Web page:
Marketing to Boomers-Meeting Ageism with Reality

Article excerpt

When baby boomers became young adults in the 19605, they confronted society's wrath as they challenged the traditions of preceding generations. Born between 1946 and 1955, the "leading-edge boomers" experienced their share of dismissive indictments from their parents' "GI Generation" when those born in the early decades of the 20th century encountered a massive youth cohort set on "doing their own thing." Even younger brothers, sisters and boomers' children nurtured resentments against an outspoken generation often willing to risk everything as it confronted "The Establishment." For many complex reasons, a bad memory still lingers in the collective mind of the United States, and some of the most audacious critics of the boomers belong to the same generation.

Joe Queenan, a regular contributor to GQ and Forbes, calls boomers "a whiny, narcissistic bunch of paunchy, corporatized losers." In his book Balsamic Dreams: A Short but Self-Important History of the Baby Boomer Generation (New York City: Henry Holt, 2001), Queenan does not pull any punches; he sees his generation as self-centered, rude and obnoxious. He dismisses all but perhaps an elite few (such as himself?) as "fakes, hypocrites, cop-outs and, in many cases, out-and-out dorks."

Some boomers who align with conservative ideology are also outspoken against their peers. Daniel Okrent presented his excoriation of yuppie boomers in a June 2000 Time Magazine article titled "Twilight of the Boomers." He concludes that boomers are fatuous, self-important and lazy. Not to be outdone, David Brooks, author of Bobos in Paradise: The Upper Class and How They Got There (New York City: Touchstone Books, 2001) suggests that many boomers are hypocritical sellouts racing toward a collective self-loathing.

Then, there is gerontologist Ken Dychtwald, who is not necessarily conservative but is an articulate leader of the aging population segment. He predicts in his book Age Power: How the 21st Century Will be Ruled by the New Old (New York City: Tarcher/Putnam, 1999) that the boomer generation's tendency toward self-centeredness could devolve into a future "Gerassic Park" where younger generations rebel, perhaps violently. Fortunately, Dychtwald does not believe that this outcome is preordained; rather, how the boomer generation manages its social agenda in the coming decades will determine intergenerational consequences.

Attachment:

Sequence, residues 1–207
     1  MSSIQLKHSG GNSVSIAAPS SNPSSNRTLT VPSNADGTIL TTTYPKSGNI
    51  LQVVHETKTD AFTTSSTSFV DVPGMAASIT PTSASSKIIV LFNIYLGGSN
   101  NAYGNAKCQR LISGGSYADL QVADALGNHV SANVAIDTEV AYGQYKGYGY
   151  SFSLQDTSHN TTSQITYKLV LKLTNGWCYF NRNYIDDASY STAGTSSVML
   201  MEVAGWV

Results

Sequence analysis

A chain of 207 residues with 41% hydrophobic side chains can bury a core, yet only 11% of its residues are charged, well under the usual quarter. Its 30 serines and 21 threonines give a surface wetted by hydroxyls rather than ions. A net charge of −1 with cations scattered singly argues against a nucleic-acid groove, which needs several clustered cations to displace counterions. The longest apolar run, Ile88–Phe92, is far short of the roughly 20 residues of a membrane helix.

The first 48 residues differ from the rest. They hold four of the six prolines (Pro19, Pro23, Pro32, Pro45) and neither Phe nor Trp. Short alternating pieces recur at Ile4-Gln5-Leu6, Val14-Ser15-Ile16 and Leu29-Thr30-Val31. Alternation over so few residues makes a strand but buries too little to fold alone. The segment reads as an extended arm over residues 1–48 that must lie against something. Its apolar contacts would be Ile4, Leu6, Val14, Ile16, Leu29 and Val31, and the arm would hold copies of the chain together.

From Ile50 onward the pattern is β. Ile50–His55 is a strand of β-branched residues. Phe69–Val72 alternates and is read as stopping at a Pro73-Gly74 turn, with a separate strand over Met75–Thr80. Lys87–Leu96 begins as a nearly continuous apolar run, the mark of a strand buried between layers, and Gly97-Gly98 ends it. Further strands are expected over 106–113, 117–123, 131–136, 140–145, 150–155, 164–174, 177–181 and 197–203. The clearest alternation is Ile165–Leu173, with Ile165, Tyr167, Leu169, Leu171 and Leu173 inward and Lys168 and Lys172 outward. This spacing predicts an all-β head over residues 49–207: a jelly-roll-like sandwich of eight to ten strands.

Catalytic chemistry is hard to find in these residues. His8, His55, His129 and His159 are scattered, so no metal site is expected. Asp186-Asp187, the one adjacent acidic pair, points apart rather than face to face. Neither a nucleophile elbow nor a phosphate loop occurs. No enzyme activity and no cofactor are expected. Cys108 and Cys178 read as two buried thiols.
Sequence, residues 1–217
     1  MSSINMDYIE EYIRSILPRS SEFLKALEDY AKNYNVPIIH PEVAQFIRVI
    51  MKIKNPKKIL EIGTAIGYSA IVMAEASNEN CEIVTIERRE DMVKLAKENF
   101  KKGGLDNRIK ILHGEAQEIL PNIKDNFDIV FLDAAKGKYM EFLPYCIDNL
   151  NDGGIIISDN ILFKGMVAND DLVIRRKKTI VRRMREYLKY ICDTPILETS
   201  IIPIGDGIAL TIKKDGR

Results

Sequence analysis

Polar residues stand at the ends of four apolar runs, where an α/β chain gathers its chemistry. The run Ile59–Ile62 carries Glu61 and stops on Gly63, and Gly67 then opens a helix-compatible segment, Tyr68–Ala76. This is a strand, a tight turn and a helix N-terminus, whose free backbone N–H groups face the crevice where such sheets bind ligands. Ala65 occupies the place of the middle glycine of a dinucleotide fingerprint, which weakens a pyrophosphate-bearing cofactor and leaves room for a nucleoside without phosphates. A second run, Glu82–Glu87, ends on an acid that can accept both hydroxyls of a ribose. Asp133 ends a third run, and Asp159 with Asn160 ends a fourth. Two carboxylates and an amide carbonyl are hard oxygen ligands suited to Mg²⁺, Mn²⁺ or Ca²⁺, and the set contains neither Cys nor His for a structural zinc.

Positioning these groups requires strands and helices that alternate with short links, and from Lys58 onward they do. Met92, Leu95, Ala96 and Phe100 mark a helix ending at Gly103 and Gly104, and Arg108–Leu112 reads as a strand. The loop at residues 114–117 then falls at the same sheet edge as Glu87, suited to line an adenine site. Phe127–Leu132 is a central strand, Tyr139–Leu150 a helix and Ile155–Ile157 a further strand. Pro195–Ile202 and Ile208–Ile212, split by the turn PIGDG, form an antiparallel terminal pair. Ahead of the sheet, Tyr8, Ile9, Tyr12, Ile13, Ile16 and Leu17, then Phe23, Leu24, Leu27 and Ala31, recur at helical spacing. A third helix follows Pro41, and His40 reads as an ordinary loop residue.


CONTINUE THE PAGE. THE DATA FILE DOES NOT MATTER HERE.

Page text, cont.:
No matter what the age or disposition of the critics, boomers are growing weary of their maligned status. Call us sensitive, but no generation deserves to be dismissed as "self-absorbed" or with some other sweeping invective. A generation by definition is too large, too complex and composed of too many unique individuals. Additionally, generational bias is simply another form of prejudice, just a different verse and chapter of the primordial thought processes that foster sexism or racism, homophobia or xenophobia. When this bias focuses on a generation quickly growing mature and confronting the challenges of being old in America, then prejudice morphs into ageism almost overnight.

Boomers want and expect a chance to right the record and overcome damage wrought by their protest and political movements during youth. Many want to confront adversaries with the force of reason and debate. Others prefer to triumph over the negative stereotypes by doing "good works," by reinvesting time and commitment for nonprofit organizations and philanthropic causes. Still others hope for a fuller, more balanced reporting of the challenges and constraints they faced when they began young adulthood during a time of war, assassinations, racial unrest and a highly segregated society. And many boomers want to update the record with greater commitment to giving back to their communities during retirement.


The 75% Factor: Uncovering Hidden Boomer Values, released in June 2002, addressed this point. This revealing study was coauthored by generational demographer James V. …